After the May 1960 general elections, Congo achieved independence on 30 June 1960 with Lumumba as the leader of the largest single party. He was selected to become the Congo's first prime minister and his political rival, Joseph Kasavubu, became president of the Congo.

As the prime minister, Lumumba faced sudden emergencies.The Congolese elite feared Lumumba’s notion of nationalism and participatory democracy and thus they started revolting against him. The revolt of the army and the secession of the provinces of Katanga and Southern Kasai were further emergencies. Lumumba sent Congolese troops to Southern Kasai province in attempt to restore the situation but the poorly trained soldiers killed thousands of Congolese civilians.  The United Nations, through Secretary General Hammerskjöld, blamed Lumumba for the massacre of civilians.  Lumumba disliked Belgium and the UN for not helping to restore order and unity in Congo. It is believed that some Congolese elite  conspired with foreign states, specifically the CIA and US administration, to get rid of Lumumba [9]. When Lumumba asked for military help from the Soviet Union against the secessionist provinces of Southern Kasai and Katanga, President Kasavubu dismissed him from office on 5th September 1960 [10]. This was the beginning of the end of the political life of Patrice Lumumba. The Congolese National Assembly disagreed with the decision of the president and ordered Lumumba back in power as prime minister. This did not happen since a faction of the Congolese army, under Colonel Mobutu, took over the government instead and put Lumumba under the house arrest under the protection of Ghanaian troops of the UN force.  Lumumba managed to get out of the house arrest in Kinshasa and attempted to leave for Stanleyville, but he was arrested by an army patrol and held prisoner in a military camp at Thysville [11].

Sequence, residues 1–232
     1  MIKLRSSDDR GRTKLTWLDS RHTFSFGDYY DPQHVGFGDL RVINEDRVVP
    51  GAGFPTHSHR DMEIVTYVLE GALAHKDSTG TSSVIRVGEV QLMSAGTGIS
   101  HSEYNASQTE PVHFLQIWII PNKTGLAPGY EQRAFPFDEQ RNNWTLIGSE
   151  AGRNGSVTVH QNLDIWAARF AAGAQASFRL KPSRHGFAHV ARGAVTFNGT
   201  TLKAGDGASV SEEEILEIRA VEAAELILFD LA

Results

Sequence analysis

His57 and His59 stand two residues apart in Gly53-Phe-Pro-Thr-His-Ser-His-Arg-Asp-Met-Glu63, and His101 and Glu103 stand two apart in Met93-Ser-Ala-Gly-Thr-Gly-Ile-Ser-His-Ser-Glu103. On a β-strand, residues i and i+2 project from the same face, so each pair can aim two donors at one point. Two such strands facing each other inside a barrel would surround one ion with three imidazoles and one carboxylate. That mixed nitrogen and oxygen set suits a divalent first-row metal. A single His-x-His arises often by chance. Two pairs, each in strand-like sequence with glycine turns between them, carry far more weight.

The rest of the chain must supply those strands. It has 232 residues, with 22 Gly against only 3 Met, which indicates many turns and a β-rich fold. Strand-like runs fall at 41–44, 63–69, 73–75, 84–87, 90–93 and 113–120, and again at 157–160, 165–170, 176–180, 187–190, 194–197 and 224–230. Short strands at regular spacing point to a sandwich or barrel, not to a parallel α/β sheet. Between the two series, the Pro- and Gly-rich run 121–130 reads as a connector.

From the military camp, Lumumba was transferred to Elisabethville, Katanga on January 18, 1961 despite the presence of United Nations troops, he was picked up by a small group led by Katanga's interior minister, Godefroid Munongo. Lumumba was taken to a nearby house where he was assassinated [12].

Lumumba's assassination made him a symbol of struggle for champions of African nations' attempts to bond and set themselves free from the influence of the European Colonizers [13].

End notes

[1] Patrice Emery Lumumba Facts. Available from:

[2] Patrice Lumumba Biography available from:

[3] Cook, C. R. 2016. Review Essay: Patrice Lumumba: The Evolution of an Évolué.  African Studies Quarterly.  Volume 16, Issue 2.  Available:

[4] Patrice Emery Lumumba Facts. Available from:

[5] Patrice Lumumba Biography available from:

[6]Patrice Lumumba Biography available from:

[7] Georges Nzongola-Ntalaja. 2014. Patrice Lumumba. Athens, OH: Ohio University Press.

[8] Patrice Emery Lumumba Facts. Available from:

[9] Cook, C. R. 2016. Review Essay: Patrice Lumumba: The Evolution of an Évolué.  African Studies Quarterly.  Volume 16, Issue 2.  Available:

[10] Patrice Lumumba Biography available from:

[11] Patrice Emery Lumumba Facts. Available from:

[12] Patrice Lumumba Biography available from:

[13] Patrice Lumumba Biography available from: